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upon the peace, after the treaty had been signed in March 1802. He became so doubtful, however, of the permanence of peace that in the beginning of 1803 he induced his colleagues to postpone the evacuation of Malta, for which the treaty of Amiens stipulated. Fruitless attempts were made to bribe Joseph Buonaparte to dissuade his brother from insisting on the cession, and Lord Whitworth, the English ambassador, was consequently withdrawn from Paris in May. In the subsequent debates in parliament Lord Hawkesbury was accused of causing this rupture by his own mismanagement, but he made a good defence and obtained large majorities in his favour. In November 1803 Addington raised him to the peerage as Baron Hawkesbury, somewhat against his will. He already felt the likelihood of succeeding Addington as prime minister, and the government had scarcely any one but himself to rely upon in debate in the House of Commons. When Addington gave way to Pitt in 1804, Hawkesbury was transferred to the home office (12 May), which, when held by a peer, customarily carried with it the leadership of the House of Lords. (The negotiations which preceded this change are detailed in C. D. Yonge's Life of Lord Liverpool, i. 147 sqq.; in the course of it a short-lived estrangement arose between Canning and Hawkesbury.) Towards the end of the year it was through his intervention and good offices that Pitt and Addington were reconciled and became colleagues (see Pellew, Life of Lord Sidmouth, ii. 225–65). He continued to lead the House of Lords after Addington's elevation to the peerage. On Melville's fall, Pitt preferred to keep him at the home office instead of transferring him to the admiralty, in order that he might retain the leadership in the lords, from which he would have had to retire had his successor at the home office been a peer. On the death of Pitt, George III insisted on naming Hawkesbury his successor in the wardenship of the Cinque ports, which was worth 3,000l. a year. Lord Sheffield expressed the disgust excited in some quarters in the words, ‘the Jenkinson craving disposition will revolt the whole country’ (Lord Auckland, Correspondence, iv. 269). When the new government of ‘All the Talents’ was formed under Grenville in January 1806, Hawkesbury became undisputed leader of the opposition. In 1807 Grenville prepared to reopen the catholic question. Hawkesbury thereupon addressed a letter to the king urging him to refuse his consent to the dissolution, by which Grenville might obtain a house more favourable to emancipation. On the fall of the whig ministry in March the king sent in the first instance for Hawkesbury and Eldon, and through Hawkesbury arrangements were completed for the formation of a new ministry under the nominal leadership of the Duke of Portland (ib. iv. 308). Hawkesbury returned to the home office and the leadership of the House of Lords on 25 March 1807. A dissolution followed, and a tory majority was returned. He continued strongly to oppose the whole catholic emancipation movement, and in the same year he said that ‘a protestant government alone was consistent with the laws and constitution of the British empire,’ and declared the Test Act to be an indispensable guarantee of a protestant government. By the death of his father in December 1808 he succeeded to the earldom of Liverpool, and, upon the resignation of the Duke of Portland in September 1809, he and Spencer Perceval were entrusted by the king with the formation of a new ministry, which was to include Lords Grey and Grenville. All attempts at combination failing, Spencer Perceval became on 6 Dec. 1809 prime minister, and Lord Liverpool for a short time secretary of state for foreign affairs, but from 1809 to 1812 was secretary of state for war and the colonies.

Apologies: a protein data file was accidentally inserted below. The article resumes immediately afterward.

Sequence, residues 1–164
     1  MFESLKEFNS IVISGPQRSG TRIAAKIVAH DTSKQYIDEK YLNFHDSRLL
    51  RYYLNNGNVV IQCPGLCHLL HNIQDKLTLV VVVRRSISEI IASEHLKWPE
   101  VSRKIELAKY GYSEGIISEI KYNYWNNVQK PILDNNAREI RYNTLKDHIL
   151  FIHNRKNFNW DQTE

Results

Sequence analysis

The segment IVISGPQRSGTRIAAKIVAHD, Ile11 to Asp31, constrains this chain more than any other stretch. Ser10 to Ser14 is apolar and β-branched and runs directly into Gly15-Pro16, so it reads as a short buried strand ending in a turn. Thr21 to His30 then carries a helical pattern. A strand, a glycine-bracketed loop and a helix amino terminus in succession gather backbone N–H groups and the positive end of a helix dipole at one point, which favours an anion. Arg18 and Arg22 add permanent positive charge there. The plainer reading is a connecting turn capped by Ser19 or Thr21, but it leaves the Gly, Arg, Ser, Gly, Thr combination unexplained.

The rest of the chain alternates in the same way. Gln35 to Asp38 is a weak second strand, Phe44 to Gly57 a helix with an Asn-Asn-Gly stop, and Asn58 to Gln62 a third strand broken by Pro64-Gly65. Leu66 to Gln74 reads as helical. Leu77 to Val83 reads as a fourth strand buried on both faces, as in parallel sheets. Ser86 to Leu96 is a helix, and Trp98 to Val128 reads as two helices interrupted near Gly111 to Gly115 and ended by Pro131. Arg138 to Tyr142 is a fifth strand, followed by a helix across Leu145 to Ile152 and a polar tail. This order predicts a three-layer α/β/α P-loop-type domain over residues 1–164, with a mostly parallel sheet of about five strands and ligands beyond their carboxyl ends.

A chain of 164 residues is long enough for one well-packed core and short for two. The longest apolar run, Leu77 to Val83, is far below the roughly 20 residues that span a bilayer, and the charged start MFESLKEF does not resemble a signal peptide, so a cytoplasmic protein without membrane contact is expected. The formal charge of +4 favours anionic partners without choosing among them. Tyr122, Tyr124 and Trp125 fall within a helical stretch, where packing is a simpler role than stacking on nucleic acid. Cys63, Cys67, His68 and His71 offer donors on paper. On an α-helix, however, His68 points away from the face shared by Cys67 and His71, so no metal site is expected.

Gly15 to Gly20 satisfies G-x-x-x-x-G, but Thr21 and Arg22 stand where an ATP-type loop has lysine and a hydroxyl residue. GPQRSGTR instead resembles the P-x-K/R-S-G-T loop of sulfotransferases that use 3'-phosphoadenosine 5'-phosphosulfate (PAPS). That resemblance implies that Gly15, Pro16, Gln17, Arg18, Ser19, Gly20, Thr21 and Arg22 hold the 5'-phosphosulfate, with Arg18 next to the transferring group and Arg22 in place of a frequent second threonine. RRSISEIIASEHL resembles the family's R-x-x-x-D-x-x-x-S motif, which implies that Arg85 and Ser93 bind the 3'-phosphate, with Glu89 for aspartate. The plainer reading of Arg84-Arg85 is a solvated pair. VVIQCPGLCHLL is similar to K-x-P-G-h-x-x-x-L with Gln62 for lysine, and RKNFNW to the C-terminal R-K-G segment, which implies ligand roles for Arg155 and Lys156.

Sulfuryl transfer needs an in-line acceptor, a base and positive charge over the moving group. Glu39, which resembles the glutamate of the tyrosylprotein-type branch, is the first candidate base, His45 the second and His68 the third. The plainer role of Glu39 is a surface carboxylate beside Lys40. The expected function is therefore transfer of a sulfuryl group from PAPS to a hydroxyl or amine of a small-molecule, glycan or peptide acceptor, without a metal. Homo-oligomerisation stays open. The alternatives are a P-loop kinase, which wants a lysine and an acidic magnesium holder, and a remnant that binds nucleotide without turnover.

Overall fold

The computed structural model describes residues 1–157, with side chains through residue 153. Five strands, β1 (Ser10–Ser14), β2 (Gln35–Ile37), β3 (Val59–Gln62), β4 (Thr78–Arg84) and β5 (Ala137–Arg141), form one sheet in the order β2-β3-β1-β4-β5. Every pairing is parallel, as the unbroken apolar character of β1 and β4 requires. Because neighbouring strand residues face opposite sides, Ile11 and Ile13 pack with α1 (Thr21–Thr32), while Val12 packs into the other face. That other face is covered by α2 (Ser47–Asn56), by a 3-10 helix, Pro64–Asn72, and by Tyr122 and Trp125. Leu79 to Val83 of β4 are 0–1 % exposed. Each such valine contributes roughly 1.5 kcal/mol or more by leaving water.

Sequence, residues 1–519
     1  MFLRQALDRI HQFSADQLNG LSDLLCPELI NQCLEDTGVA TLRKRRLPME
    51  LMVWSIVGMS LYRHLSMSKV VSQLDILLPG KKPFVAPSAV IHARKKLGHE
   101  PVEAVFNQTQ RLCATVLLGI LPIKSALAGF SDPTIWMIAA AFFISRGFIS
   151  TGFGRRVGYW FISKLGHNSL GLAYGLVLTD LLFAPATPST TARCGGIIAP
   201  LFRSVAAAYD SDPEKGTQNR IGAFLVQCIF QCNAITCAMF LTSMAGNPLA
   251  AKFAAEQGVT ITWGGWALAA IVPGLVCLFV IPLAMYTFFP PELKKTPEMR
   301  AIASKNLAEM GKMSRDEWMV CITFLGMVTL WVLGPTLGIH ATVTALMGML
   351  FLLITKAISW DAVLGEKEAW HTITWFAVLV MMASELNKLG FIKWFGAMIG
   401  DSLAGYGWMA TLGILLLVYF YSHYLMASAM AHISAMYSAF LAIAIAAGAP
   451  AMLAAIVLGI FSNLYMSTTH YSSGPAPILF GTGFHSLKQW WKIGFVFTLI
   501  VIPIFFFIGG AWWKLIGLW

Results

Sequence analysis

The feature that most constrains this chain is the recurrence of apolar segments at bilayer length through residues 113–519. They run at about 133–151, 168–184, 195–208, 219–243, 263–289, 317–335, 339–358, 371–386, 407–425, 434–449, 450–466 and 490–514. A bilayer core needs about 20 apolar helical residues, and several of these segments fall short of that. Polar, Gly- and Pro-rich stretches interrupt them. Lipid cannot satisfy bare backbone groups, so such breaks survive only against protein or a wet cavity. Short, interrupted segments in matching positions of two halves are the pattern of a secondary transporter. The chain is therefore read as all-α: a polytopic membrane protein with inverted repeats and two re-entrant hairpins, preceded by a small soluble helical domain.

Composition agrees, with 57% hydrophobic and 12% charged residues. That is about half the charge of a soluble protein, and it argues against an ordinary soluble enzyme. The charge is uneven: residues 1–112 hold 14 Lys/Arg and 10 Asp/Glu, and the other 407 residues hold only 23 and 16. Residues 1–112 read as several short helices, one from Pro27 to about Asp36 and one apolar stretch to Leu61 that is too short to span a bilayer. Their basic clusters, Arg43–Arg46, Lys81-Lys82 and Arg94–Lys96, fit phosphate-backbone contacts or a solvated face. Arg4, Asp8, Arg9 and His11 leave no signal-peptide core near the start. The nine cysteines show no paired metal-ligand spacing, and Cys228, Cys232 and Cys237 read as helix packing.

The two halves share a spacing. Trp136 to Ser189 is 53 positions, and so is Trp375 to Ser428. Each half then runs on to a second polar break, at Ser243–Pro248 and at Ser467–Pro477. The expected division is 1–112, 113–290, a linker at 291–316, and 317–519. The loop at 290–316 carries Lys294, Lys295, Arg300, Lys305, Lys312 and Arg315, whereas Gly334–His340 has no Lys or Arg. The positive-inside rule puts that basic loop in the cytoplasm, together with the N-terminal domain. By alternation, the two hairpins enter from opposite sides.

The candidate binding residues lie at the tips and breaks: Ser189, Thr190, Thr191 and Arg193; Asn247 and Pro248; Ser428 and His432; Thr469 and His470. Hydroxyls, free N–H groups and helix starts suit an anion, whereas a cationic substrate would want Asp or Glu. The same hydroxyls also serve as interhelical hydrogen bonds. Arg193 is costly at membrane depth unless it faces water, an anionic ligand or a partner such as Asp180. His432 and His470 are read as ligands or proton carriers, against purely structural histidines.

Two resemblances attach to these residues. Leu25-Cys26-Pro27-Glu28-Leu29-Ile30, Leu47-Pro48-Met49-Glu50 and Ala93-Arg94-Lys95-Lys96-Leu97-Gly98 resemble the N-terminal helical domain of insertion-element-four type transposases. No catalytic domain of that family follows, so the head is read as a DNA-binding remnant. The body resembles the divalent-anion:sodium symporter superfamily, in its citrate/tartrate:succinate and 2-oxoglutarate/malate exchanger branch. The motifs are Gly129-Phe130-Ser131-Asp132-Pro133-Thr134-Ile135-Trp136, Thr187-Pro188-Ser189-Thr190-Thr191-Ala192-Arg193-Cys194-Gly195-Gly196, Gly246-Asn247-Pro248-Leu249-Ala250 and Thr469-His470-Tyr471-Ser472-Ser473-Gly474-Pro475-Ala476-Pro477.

At the home office Liverpool had displayed both tact and industry. These qualities were severely tried by the quarrels between the Prince and Princess of Wales and between Louis XVIII and his brother, the reorganisation of the London police, and the maintenance of order in Ireland. On taking charge of his new office he at once urged the evacuation of the island of Walcheren, which, in spite of its value, he felt to be untenable. This was done, and he devoted all his efforts to supporting the operations of Wellington in Portugal. At first, however, neither the public nor at times was Wellington himself satisfied with the support given by the ministry. When the king went out of his mind at the end of 1810 Lord Liverpool took a leading part in the constitution of a regency, and on 27 Dec. introduced resolutions for that purpose in the House of Lords. In 1811 he proposed and carried measures for strengthening the army by systematic drafts from the militia, and for legalising the transfer of Irish militia regiments to England and the reverse, measures which proved highly valuable in maintaining the effective strength of the army. After the assassination of Perceval, Stuart Wortley straightway carried his motion for an address praying the prince regent to form a strong administration. Liverpool consequently resigned, and Lord Wellesley and Lord Moira made abortive attempts to form an alternative government. On their failure,